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the gospel are accompanied with the special influences of the holy Spirit, then it becomes the power of God in the conversion of the sinner. Hence, the reading and preaching of the word is appointed by God, as the means by which he conveys light and truth, and divine communications to the heart. And it is probable, this efficacy of the Spirit attending the word, is the idea the Apostle would communicate, when he calls it the "sincere "milk" thereof. The word sets spiritual objects before the mind, and the Spirit in the word influences the heart to exercises and actions correspondent to these views. Thus it is abundantly affirmed in the sacred pages, that the word is instrumental or employed as a mean in this business. This is one reason why it is spread, and strict orders given why it should be preached to every creature. Besides the plain declaration in our text, we are informed, that christians are "born again, not of corruptible "seed, but of incorruptible by the word of God which liveth and "abideth forever." And elsewhere," Of his own will begat he

us by the word of truth, that we should be a kind of first fruits "of his creatures." And our Saviour says, "Sanctify them by "thy truth, for thy word is truth." Thus it appears, in what manner the word is instrumental in the conversion and sanctification of the soul. Regeneration, when accurately and distinctly considered, is a spiritual principle-conversion is a spiritual motion, or this principle in exercise. In regeneration, a power to turn to God is given-in conversion, there is an actual turning to


But it is time I should close the subject with a few arguments er motives to induce us to become converted.

Arguments here may be drawn from every consideration of duty and interest, from heaven and hell, from compleat joy and perfect misery, from time and from eternity.

Those who have never attended to, or experienced this matter, you thus continue, you know you must perish. Those who

turn not, eternal death must be their portion. The certainty of this issue you have heard demonstrated both from the nature of things, and the immutable constitution of heaven. Will you then, O sinners, venture upon foreseen destruction, and boldly leap into the burning furnace? Be entreated for God's sake to pause, and advise with yourselves upon an affair of such tremendous consequence. If you will proceed on against the light of your understandings, the convictions of your own judgments, and the warnings and remonstrances of heaven, will you not be altogether inexcusable? Must not your mouths be forever stopt? You must eternally take complaint upon yourselves, and in the depths of the keenest torment, acquit the throne of God.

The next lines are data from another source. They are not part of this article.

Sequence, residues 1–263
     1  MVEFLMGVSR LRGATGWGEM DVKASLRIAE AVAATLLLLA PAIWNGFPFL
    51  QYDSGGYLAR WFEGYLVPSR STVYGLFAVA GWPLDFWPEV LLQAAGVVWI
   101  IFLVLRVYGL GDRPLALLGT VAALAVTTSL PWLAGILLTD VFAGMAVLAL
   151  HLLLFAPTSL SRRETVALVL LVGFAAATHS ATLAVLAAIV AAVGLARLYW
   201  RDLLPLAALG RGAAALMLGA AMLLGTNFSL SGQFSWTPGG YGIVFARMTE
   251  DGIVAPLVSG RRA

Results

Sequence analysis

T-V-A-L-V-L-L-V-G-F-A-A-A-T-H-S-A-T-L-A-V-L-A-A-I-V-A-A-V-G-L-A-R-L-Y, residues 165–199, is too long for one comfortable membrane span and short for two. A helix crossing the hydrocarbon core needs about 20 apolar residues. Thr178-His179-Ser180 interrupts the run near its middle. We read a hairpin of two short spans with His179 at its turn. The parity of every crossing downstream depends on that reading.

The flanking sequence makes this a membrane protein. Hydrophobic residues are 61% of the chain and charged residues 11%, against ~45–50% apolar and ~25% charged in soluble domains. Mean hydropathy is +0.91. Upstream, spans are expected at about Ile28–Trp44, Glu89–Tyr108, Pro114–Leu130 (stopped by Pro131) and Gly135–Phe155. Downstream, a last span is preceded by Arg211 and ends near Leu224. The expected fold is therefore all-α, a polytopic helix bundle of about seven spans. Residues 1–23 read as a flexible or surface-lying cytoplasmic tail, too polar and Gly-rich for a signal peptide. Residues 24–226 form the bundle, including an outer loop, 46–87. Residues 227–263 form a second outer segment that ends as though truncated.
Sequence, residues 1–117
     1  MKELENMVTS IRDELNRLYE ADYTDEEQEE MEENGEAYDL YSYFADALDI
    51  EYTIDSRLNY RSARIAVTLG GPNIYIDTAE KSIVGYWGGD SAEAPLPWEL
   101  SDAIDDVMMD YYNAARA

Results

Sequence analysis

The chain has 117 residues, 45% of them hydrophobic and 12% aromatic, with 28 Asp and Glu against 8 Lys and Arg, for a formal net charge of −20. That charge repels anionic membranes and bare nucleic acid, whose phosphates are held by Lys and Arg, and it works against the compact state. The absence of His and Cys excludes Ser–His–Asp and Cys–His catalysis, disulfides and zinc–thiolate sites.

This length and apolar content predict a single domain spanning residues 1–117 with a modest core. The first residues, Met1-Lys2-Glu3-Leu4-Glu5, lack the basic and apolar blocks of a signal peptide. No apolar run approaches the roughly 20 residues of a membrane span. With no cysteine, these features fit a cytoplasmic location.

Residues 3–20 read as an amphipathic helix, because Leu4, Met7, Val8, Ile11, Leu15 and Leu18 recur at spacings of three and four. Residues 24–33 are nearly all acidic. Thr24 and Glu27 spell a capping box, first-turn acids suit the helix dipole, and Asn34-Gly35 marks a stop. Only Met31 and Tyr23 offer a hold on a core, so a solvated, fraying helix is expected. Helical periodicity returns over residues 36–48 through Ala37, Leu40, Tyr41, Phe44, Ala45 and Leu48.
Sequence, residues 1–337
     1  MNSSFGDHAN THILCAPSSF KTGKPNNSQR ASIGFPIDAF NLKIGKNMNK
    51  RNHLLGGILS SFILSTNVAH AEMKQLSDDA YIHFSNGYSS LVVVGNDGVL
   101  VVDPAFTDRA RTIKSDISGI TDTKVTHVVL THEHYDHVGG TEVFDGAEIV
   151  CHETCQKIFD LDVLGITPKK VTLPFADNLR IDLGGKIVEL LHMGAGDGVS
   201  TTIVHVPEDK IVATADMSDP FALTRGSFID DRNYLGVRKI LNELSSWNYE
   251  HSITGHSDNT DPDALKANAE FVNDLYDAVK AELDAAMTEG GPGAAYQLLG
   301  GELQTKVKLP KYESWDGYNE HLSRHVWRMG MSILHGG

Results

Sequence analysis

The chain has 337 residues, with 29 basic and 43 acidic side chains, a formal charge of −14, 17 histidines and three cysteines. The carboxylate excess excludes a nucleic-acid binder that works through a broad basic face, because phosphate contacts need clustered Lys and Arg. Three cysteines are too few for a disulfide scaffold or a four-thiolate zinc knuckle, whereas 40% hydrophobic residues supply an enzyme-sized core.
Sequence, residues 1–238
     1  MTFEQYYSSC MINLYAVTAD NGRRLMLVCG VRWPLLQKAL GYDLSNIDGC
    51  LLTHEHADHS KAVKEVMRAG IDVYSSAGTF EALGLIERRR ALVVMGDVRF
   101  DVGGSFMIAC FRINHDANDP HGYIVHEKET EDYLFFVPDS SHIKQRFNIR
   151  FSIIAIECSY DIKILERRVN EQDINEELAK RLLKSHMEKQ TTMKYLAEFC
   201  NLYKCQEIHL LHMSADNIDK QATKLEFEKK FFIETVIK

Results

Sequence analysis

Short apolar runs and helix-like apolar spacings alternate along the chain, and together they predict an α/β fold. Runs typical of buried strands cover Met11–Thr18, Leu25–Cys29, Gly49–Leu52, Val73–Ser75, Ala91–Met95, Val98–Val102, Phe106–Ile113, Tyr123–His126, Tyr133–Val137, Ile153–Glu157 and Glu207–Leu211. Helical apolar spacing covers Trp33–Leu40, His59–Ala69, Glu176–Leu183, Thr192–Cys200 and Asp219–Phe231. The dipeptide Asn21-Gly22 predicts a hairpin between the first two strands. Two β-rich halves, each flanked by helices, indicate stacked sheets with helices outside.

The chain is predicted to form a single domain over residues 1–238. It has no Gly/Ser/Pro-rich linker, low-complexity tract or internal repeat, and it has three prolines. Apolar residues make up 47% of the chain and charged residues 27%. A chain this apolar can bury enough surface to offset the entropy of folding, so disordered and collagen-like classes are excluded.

Surely it is a great duty to turn from sin to God. Reason, revelation, and your own consciences, declare it to be your indispensable duty. And are you so determinately obstinate as to resist all this mighty force? Your interest, your highest interest; the interest, the salvation of your immortal souls, demand this of you. If you turn, if you become converted, you shall live, greatly live, in the blissful regions of eternal felicity. Remember what our Lord says in regard to the value of the never dying soul, "What is a man profited if he should gain the whole world "and lose his soul? Or what can a man give in exchange for "his soul?"

The acquisition of heaven, and the avoidance of hell, are arguments of the weightiest consideration. But these have been' so often urged upon you, that your minds are become quite callous, so that they pass away like the ship that furrows the ocean, and leaves not a trace behind. But remember, O my fellow mortals, however lightly you esteem them, they are awful realities. Remember that perfect and interminable joy attends your turning; and if you turn not, compleat, endless, and unremitting misery will be your destiny. Would you have real and substantial comfort in this life, supporting hope in death, and ever

lasting felicity in a future state of existence, it is absolutely necessary you should become converted. The old adage is, you must turn or burn forever. All these motives ought to fall with a combined and irresistable force upon every mind? Will the most powerful addresses, and pressing exhortations, produce no effect?